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An Artful Business

Harvard Magazine  an article in Harvard Magazine about Recession Art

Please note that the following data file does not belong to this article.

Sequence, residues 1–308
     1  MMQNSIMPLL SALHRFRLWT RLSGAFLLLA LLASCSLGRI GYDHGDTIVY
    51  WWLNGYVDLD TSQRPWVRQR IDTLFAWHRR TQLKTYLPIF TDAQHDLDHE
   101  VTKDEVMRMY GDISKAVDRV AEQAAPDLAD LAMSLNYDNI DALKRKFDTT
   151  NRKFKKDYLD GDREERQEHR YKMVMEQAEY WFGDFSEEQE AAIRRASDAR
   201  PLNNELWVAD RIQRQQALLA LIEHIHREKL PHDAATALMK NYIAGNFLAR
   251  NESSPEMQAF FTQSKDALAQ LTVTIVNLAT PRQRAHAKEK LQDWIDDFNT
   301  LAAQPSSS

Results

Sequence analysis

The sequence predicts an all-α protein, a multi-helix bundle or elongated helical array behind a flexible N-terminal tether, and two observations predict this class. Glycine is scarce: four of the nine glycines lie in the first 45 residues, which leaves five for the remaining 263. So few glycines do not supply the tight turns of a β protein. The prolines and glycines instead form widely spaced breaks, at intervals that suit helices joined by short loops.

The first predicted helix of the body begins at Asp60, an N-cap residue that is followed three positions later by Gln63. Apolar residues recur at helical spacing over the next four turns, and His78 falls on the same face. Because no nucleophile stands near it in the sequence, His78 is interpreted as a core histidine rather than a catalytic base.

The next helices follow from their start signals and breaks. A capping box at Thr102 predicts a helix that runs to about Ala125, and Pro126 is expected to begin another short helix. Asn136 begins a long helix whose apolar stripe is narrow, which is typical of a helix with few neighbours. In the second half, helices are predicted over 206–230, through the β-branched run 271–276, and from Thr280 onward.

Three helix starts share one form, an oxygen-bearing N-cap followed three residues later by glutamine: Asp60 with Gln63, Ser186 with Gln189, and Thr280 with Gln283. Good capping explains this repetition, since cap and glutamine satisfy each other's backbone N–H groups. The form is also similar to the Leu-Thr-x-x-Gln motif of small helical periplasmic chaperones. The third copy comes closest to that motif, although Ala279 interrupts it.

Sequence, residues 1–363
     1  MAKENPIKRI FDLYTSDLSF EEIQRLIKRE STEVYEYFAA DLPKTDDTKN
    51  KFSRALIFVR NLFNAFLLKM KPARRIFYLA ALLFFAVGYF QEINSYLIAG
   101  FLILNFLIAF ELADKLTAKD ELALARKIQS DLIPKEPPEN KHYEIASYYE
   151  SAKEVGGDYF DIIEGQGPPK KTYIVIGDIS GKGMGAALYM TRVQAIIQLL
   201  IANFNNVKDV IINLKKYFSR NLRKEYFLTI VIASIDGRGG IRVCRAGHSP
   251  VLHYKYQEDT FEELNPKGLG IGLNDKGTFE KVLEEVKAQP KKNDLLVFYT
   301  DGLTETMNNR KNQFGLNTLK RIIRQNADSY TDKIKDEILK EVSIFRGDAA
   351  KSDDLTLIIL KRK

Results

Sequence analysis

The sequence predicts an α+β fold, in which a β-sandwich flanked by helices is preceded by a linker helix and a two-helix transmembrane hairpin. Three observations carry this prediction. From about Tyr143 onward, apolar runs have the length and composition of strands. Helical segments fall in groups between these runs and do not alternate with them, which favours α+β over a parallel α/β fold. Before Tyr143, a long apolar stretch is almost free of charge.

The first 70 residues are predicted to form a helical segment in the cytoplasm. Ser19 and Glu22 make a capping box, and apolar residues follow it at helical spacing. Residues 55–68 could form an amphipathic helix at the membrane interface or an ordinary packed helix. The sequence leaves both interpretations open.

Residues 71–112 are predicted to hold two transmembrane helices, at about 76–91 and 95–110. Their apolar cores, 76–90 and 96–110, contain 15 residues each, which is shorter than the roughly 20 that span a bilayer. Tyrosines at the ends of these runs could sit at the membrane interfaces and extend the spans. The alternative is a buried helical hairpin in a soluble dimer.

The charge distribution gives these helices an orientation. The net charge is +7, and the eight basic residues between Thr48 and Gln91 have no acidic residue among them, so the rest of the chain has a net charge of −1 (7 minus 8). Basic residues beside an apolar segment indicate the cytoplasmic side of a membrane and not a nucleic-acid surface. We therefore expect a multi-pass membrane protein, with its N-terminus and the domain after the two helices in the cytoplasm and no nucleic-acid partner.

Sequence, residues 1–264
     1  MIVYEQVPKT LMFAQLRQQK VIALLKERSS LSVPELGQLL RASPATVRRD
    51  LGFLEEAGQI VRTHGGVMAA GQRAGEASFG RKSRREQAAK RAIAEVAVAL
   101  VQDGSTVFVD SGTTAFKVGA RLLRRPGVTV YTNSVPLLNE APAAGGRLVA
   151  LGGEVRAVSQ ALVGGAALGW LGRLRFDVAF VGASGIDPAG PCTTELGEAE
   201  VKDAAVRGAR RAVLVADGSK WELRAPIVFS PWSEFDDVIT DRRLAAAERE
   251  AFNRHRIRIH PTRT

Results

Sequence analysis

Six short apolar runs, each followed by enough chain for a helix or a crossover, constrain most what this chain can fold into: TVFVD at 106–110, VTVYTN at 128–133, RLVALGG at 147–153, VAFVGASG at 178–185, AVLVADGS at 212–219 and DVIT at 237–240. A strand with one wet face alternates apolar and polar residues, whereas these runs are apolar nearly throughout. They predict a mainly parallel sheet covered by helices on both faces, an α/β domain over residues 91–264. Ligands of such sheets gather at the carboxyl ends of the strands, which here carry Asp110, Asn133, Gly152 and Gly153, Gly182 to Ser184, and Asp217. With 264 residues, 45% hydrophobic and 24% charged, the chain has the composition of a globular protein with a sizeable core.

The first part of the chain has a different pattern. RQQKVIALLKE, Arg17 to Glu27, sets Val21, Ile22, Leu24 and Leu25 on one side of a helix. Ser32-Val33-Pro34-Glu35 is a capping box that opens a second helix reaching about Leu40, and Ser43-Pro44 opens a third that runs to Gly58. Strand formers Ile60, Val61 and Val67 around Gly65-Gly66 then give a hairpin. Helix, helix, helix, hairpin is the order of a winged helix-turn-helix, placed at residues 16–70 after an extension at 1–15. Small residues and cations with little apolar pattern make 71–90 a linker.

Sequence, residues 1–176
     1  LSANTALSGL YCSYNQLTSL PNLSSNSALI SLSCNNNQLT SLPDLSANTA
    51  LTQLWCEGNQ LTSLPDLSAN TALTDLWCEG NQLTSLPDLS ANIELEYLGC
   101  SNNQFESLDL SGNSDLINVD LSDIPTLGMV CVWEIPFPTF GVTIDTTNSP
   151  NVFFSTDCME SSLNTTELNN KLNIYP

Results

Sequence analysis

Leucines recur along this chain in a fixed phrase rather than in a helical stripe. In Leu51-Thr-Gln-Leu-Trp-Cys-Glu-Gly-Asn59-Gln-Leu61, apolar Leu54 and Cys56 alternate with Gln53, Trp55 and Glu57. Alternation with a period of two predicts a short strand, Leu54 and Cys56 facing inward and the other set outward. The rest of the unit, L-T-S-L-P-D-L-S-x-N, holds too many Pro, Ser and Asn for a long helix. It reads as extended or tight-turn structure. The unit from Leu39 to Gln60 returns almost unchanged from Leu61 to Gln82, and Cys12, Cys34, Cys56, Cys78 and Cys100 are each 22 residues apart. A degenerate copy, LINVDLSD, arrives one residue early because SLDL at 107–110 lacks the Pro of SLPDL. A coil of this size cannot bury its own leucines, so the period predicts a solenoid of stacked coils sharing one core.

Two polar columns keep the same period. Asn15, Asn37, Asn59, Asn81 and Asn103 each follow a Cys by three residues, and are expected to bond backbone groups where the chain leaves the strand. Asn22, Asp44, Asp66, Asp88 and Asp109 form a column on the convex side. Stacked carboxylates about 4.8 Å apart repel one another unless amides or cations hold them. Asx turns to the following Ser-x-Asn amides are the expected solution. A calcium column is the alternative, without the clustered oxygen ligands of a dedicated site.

One of Recession Art’s earliest artists, Ian Trask, reveals the inherent aesthetics of waste materials: cardboard boxes, wood chips, and old forks and spoons, which he once twisted into elegant chess pieces. The center offered Trask an artist-in-residence post, Katz reports, “which meant he had a room in the basement filled with many hundreds of rounds of belting materials, buckles, and adornments, all piled up all over the place.” His resulting sculptures, set in rectangular boxes or on recycled wood, transformed simple webbed belting into gracefully interconnected spools and lines of colors and swirling shapes suggestive of the gears and conveyer belts of early industrial-age machines. “Kids love his art because they recognize the urge to bend their silverware and play with colorful balls of yarn,” Katz says. “Collectors love it because it engages a trend toward DIY and recycling, but is also polished and perfectly framed for their homes”

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